Shortly after I joined my new job as a Quality Control supervisor, I found myself in the unflattering and precarious position of having to train the person (lets call him C) who had been the trainer for the last 3 years. Until then C ruled the department with absolute totalitarianism and he always had the last word. It so happened that my boss who hired me thought I had a better eye for detail and placed me in charge of making decisions that once was C’s to make. The interesting chain of command in the department also created a situation where C, who was in charge of production, was now subject to my discretionary judgment as the head of quality control! Moreover I had to train the trainer on how to run production to meet my standards. Needless to say this did not go well with him!
Sometimes as a trainer one can come to the conclusion, and rightly so, that his or her skills are good enough that it qualifies them to pass on their accumulated wisdom to the next in line being trained. But the key component here is not so much the actuality of the fact but the attitude of the heart. Can one become such an expert that they are beyond learning? Are they so good at what they do that they should not be teachable enough to be taught anything new? Is their accumulated skill so superior that they cannot humble themselves to accumulate some more? Being a trainer requires first the attitude of a perpetual student – always seeking to know more, learn more, improve and excel. It entails at the outset, the need to constantly keep refining, honing or sharpening one’s skills, constantly looking to adapt and minimize flaws in methodology along the way.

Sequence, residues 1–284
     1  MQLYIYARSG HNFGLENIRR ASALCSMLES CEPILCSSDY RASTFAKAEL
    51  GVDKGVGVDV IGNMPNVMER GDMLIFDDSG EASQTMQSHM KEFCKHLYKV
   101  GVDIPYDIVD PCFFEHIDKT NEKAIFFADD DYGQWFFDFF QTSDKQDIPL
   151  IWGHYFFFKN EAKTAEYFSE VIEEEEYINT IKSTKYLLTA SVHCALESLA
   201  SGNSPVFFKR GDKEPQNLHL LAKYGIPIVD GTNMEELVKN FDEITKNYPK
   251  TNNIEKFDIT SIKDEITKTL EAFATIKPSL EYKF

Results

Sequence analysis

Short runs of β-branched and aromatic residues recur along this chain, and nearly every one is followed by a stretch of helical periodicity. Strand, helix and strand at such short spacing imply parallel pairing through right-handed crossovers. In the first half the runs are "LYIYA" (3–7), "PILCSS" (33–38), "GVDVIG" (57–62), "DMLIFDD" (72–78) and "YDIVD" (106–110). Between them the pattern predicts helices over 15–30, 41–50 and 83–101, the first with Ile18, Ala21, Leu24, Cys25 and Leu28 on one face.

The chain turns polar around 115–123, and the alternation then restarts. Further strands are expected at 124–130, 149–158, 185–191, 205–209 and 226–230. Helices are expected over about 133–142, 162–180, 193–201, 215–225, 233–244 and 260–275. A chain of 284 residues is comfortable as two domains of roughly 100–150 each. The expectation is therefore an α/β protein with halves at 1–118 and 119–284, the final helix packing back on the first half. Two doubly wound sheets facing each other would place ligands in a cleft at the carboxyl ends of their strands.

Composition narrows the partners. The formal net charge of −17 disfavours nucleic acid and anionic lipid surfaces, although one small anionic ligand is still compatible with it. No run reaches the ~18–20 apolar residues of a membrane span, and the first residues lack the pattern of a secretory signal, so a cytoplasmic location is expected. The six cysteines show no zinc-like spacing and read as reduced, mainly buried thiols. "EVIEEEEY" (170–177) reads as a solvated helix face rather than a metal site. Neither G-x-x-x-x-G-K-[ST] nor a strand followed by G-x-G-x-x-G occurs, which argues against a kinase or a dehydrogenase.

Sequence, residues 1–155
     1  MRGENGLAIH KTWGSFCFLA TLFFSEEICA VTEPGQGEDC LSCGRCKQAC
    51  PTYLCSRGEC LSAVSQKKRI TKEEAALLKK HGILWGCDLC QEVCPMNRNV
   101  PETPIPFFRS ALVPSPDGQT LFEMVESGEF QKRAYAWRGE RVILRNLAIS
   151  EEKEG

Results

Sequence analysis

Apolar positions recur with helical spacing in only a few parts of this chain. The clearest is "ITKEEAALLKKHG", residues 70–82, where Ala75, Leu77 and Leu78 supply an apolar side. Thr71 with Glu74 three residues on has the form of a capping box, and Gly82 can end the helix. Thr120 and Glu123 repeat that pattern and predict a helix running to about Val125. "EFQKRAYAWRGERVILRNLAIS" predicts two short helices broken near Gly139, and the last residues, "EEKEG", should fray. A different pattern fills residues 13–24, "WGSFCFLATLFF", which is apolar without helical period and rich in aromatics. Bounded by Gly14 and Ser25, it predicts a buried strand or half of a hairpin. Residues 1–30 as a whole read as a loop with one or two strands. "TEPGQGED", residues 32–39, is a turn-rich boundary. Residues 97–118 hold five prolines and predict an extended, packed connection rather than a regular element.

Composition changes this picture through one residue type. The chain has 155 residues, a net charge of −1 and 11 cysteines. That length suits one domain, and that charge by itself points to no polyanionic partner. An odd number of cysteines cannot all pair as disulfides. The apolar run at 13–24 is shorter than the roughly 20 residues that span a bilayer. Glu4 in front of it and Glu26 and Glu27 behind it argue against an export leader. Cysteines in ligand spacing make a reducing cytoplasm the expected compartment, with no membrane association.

Companies around the world have used Train the Trainer programs for some time now. Their main goal is to continue to invest in the improving or enhancing of their trainers to better equip them for a diverse range of training scenarios. For more information on how companies do this refer to this article: